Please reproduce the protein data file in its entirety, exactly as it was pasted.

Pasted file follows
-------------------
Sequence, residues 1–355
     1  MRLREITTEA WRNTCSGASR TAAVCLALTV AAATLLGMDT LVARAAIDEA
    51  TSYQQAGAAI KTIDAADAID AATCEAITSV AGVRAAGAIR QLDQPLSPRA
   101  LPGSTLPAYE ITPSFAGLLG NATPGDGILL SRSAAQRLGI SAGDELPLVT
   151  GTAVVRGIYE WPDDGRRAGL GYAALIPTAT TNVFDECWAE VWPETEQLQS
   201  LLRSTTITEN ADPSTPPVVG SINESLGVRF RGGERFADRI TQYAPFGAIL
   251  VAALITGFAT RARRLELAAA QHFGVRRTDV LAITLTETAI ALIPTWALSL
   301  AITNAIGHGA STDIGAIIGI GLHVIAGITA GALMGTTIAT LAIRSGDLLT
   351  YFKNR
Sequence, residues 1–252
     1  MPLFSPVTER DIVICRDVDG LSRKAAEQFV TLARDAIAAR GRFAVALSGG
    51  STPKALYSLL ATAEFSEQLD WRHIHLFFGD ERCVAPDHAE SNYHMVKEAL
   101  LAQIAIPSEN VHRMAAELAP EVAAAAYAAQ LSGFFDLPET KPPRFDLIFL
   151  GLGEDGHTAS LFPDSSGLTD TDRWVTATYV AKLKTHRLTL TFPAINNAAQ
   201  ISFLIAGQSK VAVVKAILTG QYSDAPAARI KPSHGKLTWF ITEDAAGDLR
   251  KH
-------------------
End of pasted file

Sequence, residues 1–355
     1  MRLREITTEA WRNTCSGASR TAAVCLALTV AAATLLGMDT LVARAAIDEA
    51  TSYQQAGAAI KTIDAADAID AATCEAITSV AGVRAAGAIR QLDQPLSPRA
   101  LPGSTLPAYE ITPSFAGLLG NATPGDGILL SRSAAQRLGI SAGDELPLVT
   151  GTAVVRGIYE WPDDGRRAGL GYAALIPTAT TNVFDECWAE VWPETEQLQS
   201  LLRSTTITEN ADPSTPPVVG SINESLGVRF RGGERFADRI TQYAPFGAIL
   251  VAALITGFAT RARRLELAAA QHFGVRRTDV LAITLTETAI ALIPTWALSL
   301  AITNAIGHGA STDIGAIIGI GLHVIAGITA GALMGTTIAT LAIRSGDLLT
   351  YFKNR
Sequence, residues 1–252
     1  MPLFSPVTER DIVICRDVDG LSRKAAEQFV TLARDAIAAR GRFAVALSGG
    51  STPKALYSLL ATAEFSEQLD WRHIHLFFGD ERCVAPDHAE SNYHMVKEAL
   101  LAQIAIPSEN VHRMAAELAP EVAAAAYAAQ LSGFFDLPET KPPRFDLIFL
   151  GLGEDGHTAS LFPDSSGLTD TDRWVTATYV AKLKTHRLTL TFPAINNAAQ
   201  ISFLIAGQSK VAVVKAILTG QYSDAPAARI KPSHGKLTWF ITEDAAGDLR
   251  KH